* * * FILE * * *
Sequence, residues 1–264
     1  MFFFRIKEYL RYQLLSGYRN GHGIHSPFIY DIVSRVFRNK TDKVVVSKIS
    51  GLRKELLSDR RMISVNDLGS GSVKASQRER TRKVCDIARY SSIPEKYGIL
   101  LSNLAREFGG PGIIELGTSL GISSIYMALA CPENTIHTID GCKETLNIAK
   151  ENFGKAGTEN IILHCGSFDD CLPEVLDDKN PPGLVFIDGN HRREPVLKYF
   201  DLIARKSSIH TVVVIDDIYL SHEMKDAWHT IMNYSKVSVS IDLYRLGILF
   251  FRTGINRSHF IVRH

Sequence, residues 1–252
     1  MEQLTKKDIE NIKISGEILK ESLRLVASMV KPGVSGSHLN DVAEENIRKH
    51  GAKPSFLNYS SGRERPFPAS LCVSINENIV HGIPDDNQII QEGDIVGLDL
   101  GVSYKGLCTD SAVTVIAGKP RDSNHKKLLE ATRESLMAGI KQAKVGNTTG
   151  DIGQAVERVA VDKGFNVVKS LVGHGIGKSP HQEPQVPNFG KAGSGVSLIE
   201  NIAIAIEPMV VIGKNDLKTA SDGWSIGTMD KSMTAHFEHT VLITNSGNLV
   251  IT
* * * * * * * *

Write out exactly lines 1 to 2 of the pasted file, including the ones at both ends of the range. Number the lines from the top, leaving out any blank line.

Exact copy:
Sequence, residues 1–264
     1  MFFFRIKEYL RYQLLSGYRN GHGIHSPFIY DIVSRVFRNK TDKVVVSKIS